FERPA stands for the Family Educational Rights and Privacy Act of 1974, and is also known as the Buckley Amendment. This protects the privacy of a student’s educational records. FERPA applies to all educational agencies or institutions that receive funds under any program administered by the Secretary of Education. This law is enforced by the Family Policy Compliance Office (FPCO) of the U.S. Department of Education, Washington DC. FERPA is applicable to both K-12 and higher education. The Family Compliance Office is responsible for both levels of education. The main difference in FERPA, between these two levels, is that the rights ascribed to the “student” at the higher education level are given to the parents at the K-12 level. FERPA rights are granted to parents until their son/daughter reaches the age of 18 or begins attending an institution of higher education regardless of age.
Directory information may be disclosed to a third-party unless the student submits a Order for Non-Disclosure* to have the information withheld.
- Full name
- Telephone numbers
- Email addresses
- Class year
- Major field(s) of study
- High school attended
- Other colleges attended
- Parent names/addresses
- Dates of attendance
- Degrees, awards, honors, and dates received [including honor roll designation]
- Participation in officially recognized activities and sports
- Weight, height, and position(s) of members of athletic team
- Club and/or fraternity membership
*In order to guarantee that directory information is not disclosed, an Order for Non-Disclosure must be on file prior to or during the first week of attendance. The order will remain active until rescinded by the student.
A passphrase is a unique word or phrase assigned by a student to each proxy they set up. The passphrase is required when a proxy calls to verbally obtain information about the student. Passphrases are not required to obtain written information. However, St. Thomas staff will only send privileged student information to a verified proxy email address.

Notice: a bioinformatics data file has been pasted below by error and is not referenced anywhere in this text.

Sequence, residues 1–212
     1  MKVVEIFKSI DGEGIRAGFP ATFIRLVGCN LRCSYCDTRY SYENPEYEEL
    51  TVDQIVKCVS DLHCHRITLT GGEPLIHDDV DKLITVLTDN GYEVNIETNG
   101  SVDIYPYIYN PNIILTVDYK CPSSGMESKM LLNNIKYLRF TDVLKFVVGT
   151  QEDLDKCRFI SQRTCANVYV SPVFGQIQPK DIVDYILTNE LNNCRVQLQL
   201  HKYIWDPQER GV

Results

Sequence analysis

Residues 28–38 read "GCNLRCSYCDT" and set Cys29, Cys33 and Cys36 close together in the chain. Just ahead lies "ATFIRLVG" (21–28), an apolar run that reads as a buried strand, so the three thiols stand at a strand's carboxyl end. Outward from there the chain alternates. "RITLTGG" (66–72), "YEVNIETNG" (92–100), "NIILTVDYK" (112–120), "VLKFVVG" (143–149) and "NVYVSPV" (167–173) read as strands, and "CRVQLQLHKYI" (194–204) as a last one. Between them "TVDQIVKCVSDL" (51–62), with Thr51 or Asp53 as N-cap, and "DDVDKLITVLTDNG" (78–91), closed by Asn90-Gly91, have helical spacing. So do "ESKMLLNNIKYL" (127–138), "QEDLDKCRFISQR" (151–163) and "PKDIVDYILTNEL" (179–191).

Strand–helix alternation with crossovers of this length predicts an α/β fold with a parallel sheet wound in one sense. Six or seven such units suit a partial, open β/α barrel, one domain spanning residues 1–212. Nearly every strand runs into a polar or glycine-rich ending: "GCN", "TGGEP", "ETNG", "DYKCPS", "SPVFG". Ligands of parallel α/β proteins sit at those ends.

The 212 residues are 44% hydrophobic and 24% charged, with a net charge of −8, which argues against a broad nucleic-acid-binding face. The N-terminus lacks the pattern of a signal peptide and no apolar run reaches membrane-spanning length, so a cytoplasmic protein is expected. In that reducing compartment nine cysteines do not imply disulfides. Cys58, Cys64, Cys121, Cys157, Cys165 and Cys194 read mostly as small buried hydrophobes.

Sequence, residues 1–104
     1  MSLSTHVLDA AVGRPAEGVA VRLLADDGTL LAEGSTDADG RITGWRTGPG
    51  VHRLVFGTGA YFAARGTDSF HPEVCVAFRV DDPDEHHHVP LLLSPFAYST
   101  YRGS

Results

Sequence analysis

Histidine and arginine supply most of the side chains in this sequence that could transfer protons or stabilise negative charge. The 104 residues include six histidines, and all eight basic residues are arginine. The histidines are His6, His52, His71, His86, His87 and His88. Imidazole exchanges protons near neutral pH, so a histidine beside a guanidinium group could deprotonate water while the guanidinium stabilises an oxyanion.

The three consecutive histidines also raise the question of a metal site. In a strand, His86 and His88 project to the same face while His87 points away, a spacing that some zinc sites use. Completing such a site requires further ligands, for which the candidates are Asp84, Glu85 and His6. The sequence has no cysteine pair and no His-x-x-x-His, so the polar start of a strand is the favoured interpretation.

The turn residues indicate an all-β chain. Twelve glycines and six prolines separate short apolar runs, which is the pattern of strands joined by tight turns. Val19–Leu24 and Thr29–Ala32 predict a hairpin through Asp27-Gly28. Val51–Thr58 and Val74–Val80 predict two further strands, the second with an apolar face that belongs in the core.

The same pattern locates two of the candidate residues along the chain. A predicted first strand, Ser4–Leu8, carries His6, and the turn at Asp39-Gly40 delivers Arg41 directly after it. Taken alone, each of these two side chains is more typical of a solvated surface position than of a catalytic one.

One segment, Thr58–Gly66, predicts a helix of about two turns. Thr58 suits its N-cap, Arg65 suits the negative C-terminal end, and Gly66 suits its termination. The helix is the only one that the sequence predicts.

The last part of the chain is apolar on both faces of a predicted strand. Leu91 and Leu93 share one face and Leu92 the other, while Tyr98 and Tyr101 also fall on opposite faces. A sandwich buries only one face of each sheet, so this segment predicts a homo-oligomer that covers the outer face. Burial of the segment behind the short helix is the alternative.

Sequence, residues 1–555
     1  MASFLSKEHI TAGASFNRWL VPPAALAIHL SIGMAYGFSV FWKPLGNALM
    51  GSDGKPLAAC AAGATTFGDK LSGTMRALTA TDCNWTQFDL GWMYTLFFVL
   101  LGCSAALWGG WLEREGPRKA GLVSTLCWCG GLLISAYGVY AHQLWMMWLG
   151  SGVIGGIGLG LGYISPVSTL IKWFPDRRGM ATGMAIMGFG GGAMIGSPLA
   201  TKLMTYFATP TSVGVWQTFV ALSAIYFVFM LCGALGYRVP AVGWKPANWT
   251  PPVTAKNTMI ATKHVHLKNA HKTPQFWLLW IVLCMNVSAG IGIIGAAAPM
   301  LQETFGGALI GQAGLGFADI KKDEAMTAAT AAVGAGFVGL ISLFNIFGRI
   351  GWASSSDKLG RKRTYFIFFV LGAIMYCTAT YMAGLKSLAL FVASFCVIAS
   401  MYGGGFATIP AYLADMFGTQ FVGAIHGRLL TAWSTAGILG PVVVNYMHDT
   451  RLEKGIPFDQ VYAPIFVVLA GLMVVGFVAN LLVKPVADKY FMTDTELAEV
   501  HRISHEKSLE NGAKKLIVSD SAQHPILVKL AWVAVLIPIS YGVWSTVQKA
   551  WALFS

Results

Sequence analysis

Any student with access to Murphy Online can set up Proxy Access.
Yes. A proxy is notified any time their access permissions are adjusted.
We will only verbally communicate privileged information with a proxy if the proxy is able to recite the unique passphrase established by the student. If the student did not set up a passphrase during the initial proxy authorization, the student may log in and add a passphrase at any time.
No. Each proxy must have a unique email address.
Yes. Students can limit proxy access by adjusting the start and stop date at any time. The default access period is five years.
The Authorization tab allows the student to select which sections of their student record the proxy will have access to.
The Communications tab allows the student to review a comprehensive list of any emails sent to a particular proxy.
Proxy access can be removed by changing the “Stop Date” on the “Profile” tab for the proxy, or by removing all the checkmarks on the Authorization tab.
FERPA Student Rights and Responsibilities
Under the Family Rights and Privacy Act of 1974, students have the right to:
- Inspect and review all educational records.
- Request an amendment to educational records.
- Control the disclosure of personally identifiable information contained in educational records.
- File a complaint with the U.S. Dept. of Education.
- Know what items are assigned as directory information.
- Designate directory information as confidential.
I have read and understand my rights as a student under the Family Education Rights and Privacy Act of 1974 (as amended).
By providing Proxy Access to your student record, you do NOT forfeit any of these rights. However, you should only provide Proxy Access to individuals you trust to safeguard your information. It is recommended that you do not provide this access to any individual who does not require the access for a specific business purpose.